Travel to see the Uros for yourself on our Legendary Peru tour.

What’s the most interesting structure you’ve ever used? Please share.

Costa Rica’s Natural Heritage

Tuesday, July 6th, 2010


The red-eyed tree frog makes its home in Costa Rica’s protected jungles. Photo: Lauren Wentz-Middleton

Costa Rica is growing more popular as a travel destination for it’s beaches, wildlife, and eco-tourism opportunities. Tiny Costa Rica has 5% of Earth’s biodiversity, but only 0.1% of the world’s land. In fact, there are about 800 different species of birds in Costa Rica. It’s the greenest country in the world, with the number one spot on the Happy Planet Index. One reason for this is that Costa Rica’s government and its people have made environmental stewardship a top priority. In fact, 25% of the country’s land is protected in national parks and conservation areas.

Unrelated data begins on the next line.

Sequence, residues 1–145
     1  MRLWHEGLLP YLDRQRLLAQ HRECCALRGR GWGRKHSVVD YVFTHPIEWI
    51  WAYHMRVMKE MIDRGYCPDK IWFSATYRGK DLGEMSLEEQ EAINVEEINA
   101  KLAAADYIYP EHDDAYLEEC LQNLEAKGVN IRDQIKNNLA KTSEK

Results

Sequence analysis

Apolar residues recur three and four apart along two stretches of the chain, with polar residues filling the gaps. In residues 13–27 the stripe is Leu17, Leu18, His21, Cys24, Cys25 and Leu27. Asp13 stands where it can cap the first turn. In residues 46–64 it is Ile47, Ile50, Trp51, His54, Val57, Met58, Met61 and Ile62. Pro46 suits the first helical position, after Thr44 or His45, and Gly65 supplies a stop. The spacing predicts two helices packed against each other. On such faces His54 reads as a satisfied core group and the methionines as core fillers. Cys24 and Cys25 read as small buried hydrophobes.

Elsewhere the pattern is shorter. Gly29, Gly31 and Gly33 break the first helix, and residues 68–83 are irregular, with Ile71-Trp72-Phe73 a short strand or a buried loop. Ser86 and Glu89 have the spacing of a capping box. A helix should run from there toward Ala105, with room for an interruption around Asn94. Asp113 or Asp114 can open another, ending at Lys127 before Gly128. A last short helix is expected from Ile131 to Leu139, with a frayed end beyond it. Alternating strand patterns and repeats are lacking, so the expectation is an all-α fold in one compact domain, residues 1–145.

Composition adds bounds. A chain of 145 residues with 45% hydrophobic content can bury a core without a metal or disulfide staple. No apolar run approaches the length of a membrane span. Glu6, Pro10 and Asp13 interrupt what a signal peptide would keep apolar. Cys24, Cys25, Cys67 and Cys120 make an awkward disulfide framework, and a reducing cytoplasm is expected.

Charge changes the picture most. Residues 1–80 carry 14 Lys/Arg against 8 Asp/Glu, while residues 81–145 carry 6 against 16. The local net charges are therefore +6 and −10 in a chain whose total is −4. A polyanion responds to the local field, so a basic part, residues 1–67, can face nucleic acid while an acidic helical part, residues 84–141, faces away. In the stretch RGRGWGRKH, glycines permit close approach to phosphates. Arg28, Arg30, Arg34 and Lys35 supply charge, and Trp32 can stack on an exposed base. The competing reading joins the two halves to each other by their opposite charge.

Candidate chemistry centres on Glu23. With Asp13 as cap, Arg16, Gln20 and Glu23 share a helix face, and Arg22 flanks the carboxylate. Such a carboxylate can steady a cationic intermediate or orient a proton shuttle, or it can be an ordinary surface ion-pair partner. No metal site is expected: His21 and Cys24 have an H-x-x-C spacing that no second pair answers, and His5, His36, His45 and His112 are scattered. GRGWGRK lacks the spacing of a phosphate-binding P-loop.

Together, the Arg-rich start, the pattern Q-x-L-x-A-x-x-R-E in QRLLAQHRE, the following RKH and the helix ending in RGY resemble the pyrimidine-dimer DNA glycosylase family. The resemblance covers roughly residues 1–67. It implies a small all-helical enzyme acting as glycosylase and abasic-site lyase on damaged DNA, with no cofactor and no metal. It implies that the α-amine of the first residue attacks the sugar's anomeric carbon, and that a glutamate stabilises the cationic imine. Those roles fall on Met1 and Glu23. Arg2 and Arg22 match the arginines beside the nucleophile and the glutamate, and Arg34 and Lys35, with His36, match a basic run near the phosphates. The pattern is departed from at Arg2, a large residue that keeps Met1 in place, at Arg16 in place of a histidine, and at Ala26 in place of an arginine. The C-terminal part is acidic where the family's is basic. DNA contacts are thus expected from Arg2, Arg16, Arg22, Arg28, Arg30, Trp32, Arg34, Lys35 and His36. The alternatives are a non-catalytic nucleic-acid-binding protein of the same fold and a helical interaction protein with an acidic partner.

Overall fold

Our new Costa Rica’s Natural Heritage tour embraces this environmental spirit by treating travelers to eco-friendly accommodations designed to blend into Costa Rica’s beautiful setting and embrace its native cuisine while making less of an impact on natural resources. Our adventure also includes visits to Poas and Arenal volcanoes and the Monteverde Cloud Forest, a chance to visit with children at a local elementary school, and much, much  more.

What are you doing to help the environment? Please share.

Morning in Costa Rica

Monday, May 31st, 2010

Tiny Costa Rica has 5% of Earth’s  biodiversity, but only 0.1% of the world’s land. In fact, fully 25% of Costa Rica’s land is in protected areas, like national parks and conservation areas. With about 800 different species of birds in Costa Rica, it’s a bird-watcher’s paradise and any nature lover’s dream getaway. Start your week right with this video of early morning in Costa Rica, which showcases the incredible beauty of the country’s coastline.

Packed yet? Travel to Costa Rica with Smithsonian Journeys on any of these educational tours.

What’s your favorite way to spend a free morning alone? Please share.